You can include part of your configuration in the class library project as an embedded resource file. Let's say you called it LibraryConfig.xml. Then in your executable's application config file, you include the embedded resource using the
assembly: prefix. Here's an example:
<context type="Spring.Context.Support.XmlApplicationContext, Spring.Core">
<resource uri="config://spring/objects" />
<object id="mainForm" type="FooApp.MainForm, FooApp">
<!-- mainController is some object defined in LibraryConfig.xml -->
<property name="Controller" ref="mainController"/>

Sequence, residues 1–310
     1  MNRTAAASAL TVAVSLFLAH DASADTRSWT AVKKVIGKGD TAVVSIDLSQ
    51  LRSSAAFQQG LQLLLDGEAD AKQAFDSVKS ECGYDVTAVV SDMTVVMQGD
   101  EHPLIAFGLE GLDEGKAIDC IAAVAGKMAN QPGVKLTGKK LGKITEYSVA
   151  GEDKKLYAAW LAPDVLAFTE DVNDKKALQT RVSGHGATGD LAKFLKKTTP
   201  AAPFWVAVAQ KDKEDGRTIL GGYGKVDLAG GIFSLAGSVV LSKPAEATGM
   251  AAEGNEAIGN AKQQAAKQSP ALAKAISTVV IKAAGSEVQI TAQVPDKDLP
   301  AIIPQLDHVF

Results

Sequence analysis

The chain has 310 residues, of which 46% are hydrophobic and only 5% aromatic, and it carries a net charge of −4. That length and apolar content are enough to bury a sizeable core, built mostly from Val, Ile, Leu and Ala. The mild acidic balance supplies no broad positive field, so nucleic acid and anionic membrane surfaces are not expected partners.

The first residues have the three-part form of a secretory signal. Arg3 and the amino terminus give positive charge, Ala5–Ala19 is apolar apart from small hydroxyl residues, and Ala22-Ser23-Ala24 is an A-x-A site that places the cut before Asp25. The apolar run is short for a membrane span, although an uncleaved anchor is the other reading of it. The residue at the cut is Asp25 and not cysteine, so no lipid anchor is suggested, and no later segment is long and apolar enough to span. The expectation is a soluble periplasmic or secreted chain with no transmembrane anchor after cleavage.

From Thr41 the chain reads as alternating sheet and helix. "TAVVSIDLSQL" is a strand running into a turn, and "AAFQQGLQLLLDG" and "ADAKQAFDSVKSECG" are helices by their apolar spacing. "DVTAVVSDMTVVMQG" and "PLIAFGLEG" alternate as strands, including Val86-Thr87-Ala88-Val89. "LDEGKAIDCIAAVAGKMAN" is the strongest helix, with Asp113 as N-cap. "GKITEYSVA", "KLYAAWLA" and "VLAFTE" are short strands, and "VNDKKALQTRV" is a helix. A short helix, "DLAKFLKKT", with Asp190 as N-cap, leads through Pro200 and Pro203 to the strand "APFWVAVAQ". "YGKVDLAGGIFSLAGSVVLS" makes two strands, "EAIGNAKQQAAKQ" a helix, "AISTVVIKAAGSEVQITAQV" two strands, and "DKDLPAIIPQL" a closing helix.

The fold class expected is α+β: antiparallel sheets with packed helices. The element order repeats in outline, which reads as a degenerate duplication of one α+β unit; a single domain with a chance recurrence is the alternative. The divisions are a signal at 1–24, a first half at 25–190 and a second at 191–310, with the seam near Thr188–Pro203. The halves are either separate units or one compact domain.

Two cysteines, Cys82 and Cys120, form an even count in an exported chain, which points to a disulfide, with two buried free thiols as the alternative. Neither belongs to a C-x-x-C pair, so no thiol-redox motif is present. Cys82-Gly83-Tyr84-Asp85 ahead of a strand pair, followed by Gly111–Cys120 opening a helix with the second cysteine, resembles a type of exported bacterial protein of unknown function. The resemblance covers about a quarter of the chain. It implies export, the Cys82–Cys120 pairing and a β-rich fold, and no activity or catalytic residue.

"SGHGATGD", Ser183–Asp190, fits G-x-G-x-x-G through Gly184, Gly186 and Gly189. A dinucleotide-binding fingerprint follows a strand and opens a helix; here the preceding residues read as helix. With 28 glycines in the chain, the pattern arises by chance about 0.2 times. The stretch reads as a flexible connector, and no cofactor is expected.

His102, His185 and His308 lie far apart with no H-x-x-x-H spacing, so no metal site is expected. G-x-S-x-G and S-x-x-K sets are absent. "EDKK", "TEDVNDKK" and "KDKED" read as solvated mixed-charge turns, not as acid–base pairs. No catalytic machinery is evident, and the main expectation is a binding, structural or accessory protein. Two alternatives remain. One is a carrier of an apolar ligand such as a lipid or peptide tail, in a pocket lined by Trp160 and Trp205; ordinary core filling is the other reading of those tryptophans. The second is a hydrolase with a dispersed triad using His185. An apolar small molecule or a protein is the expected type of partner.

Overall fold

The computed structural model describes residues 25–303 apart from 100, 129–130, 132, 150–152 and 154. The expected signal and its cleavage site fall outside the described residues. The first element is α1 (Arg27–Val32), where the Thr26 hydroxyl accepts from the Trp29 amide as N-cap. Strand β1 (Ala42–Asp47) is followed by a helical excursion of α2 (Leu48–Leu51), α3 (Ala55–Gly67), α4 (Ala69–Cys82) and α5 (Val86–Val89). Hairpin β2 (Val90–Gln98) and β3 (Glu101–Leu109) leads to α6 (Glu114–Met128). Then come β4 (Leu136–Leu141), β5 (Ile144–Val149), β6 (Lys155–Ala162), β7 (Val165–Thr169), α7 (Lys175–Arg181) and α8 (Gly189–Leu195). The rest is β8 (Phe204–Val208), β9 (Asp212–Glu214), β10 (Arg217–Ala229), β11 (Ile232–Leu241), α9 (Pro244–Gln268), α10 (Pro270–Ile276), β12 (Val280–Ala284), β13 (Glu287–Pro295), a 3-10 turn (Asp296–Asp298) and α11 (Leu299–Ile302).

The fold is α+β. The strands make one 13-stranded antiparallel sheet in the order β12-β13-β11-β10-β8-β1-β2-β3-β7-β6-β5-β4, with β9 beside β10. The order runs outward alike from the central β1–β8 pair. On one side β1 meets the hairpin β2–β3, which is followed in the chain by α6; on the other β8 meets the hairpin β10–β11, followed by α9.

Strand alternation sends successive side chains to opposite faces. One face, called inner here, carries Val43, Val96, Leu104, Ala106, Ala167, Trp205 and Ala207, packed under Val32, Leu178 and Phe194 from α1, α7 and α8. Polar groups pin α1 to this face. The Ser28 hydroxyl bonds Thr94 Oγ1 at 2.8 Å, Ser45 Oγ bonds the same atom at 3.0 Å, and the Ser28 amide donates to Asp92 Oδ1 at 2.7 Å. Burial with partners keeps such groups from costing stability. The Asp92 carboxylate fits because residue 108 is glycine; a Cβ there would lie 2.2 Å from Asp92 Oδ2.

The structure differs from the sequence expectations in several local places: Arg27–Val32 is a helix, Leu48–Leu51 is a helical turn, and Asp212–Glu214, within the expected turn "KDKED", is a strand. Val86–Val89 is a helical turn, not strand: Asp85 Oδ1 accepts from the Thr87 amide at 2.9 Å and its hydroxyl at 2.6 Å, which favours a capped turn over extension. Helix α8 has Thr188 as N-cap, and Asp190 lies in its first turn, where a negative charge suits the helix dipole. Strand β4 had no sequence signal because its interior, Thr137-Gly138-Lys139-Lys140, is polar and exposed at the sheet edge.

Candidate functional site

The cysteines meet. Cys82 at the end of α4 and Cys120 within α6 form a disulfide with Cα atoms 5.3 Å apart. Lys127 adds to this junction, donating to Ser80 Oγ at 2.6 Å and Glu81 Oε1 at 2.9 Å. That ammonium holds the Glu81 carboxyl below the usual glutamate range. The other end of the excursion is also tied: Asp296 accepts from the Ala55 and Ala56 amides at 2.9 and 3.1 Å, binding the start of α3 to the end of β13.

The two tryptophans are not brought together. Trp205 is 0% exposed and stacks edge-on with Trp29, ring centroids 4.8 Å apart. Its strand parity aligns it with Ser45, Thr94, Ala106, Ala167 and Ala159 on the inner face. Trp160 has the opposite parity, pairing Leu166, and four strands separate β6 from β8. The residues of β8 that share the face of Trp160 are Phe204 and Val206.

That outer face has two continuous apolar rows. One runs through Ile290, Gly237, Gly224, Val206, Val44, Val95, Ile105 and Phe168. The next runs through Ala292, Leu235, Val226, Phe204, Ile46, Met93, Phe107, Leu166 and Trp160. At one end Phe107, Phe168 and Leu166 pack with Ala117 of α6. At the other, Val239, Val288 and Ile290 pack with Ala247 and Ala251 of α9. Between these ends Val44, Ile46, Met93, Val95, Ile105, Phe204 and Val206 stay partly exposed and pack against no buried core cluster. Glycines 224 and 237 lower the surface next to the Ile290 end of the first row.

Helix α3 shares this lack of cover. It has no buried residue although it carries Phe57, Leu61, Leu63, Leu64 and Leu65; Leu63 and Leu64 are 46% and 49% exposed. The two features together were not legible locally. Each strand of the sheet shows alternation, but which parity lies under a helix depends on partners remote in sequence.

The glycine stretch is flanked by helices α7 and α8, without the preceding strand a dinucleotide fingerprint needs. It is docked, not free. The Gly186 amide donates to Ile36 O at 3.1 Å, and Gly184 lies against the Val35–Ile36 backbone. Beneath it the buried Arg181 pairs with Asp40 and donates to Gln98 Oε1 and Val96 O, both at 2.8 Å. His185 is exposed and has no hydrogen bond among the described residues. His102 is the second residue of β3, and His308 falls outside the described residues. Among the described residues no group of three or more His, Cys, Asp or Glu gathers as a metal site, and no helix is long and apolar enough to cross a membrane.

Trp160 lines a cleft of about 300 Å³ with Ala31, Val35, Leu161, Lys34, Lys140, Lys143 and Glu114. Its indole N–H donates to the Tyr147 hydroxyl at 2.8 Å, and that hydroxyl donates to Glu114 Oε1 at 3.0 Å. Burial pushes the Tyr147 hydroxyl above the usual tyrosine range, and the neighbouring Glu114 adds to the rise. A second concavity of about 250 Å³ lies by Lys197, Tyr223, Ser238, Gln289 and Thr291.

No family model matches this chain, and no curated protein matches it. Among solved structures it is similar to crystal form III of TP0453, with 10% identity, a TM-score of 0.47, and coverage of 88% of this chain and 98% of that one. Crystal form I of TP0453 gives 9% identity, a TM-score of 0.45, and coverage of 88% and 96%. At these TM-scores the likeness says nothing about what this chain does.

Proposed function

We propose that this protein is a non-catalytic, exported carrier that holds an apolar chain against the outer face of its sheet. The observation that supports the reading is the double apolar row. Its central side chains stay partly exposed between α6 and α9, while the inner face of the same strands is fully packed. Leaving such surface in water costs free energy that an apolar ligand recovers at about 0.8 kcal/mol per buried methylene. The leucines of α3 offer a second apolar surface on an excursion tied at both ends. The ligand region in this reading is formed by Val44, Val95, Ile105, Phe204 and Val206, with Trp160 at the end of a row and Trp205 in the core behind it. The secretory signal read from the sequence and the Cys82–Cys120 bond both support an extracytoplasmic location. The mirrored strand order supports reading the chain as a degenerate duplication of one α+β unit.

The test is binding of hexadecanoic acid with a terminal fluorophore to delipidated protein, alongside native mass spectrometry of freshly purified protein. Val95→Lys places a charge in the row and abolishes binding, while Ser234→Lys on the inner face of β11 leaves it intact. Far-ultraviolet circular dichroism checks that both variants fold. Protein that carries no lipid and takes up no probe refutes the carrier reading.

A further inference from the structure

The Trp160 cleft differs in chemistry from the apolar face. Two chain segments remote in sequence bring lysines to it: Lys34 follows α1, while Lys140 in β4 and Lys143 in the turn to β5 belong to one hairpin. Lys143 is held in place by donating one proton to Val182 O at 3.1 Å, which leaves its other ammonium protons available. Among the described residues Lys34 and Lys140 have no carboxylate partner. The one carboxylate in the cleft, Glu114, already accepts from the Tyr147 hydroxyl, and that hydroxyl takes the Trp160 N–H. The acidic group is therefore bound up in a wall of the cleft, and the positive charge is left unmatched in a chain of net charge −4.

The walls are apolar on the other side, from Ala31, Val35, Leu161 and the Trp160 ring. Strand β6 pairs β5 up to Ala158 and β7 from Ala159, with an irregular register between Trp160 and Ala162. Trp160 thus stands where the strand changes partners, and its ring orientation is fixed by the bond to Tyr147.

If your main application doesn't need to use Spring itself, I think you can set up the whole application context in the library. Embed the config file as described above, then define a singleton object to hold the application context and load it from the embedded config file. Finally, you need to define some kind of factory methods for the client code to create your classes with. The factory methods can either go on the singleton itself (probably using generics), or have a separate factory method on each class that needs to be instantiated. Those factory methods make the actual requests from the application context and the client code never sees it.